For years now, pollsters and demographers have been chronicling the decline of religion in America. And it’s not just religious affiliation that’s declining. Along with lower rates of church attendance, religious weddings and religious activities in the household are also waning. By every measure, America is becoming a less religious country, with huge implications for our political and cultural life.
But the story of the decline of religion in America is incomplete. What has gone less noticed, and less studied, is the rise of ersatz religions in America—secular substitutes for traditional forms of faith. The fastest-growing of these pseudo-religions occupy either end of the political spectrum, and are themselves explicitly political. They are also dangerous cults with almost no redeeming qualities, and if left unchecked will inspire their adherents to commit violence. In some cases, they already have.
On the right, there’s the big-tent conspiracy theorists of QAnon, a kind of gnostic quasi-religion centered on the struggle between Trump and a shadowy “deep state” comprised of wealthy global elites, celebrities, and politicians—although QAnon, as its followers will tell you, encompasses much more than just Trump. (It’s worth noting that the mainstream press loves to publish long-winded essays holding up QAnon as evidence that Trump supporters are conspiracy-addled rubes while ignoring the extent to which outlandish conspiracy theories like the Russia collusion hoax are still accepted by the liberal media.)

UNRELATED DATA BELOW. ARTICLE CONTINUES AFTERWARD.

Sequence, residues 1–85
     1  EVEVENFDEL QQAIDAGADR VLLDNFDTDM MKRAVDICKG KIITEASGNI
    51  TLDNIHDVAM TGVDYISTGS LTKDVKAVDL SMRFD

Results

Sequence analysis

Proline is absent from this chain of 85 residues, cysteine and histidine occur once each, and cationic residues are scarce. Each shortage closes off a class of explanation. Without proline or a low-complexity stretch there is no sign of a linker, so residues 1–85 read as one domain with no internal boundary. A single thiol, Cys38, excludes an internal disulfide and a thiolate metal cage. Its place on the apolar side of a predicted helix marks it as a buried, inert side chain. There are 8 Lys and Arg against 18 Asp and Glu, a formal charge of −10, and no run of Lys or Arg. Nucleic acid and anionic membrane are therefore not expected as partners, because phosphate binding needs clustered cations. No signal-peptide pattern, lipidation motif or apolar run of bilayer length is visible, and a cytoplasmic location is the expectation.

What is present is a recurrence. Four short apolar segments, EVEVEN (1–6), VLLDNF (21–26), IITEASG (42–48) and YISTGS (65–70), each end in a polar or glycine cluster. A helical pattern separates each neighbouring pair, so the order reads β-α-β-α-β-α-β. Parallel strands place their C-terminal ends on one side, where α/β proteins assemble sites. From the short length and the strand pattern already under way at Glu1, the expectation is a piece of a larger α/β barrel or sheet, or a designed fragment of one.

On the left, there’s the entire institutional edifice of critical social justice theory, or what we’ll call the Cult of Woke, the most visible manifestation of which is perhaps the Black Lives Matter agenda, whose most fervent adherents come predominantly from academia, Hollywood, and corporate America. Here we should distinguish between the BLM movement broadly, which consists of a lot of suburban educated people who vaguely sympathize with antiracism, and the BLM organization and agenda, which is explicitly Marxist and incompatible with constitutional democracy, individual rights, and equal protection under the law.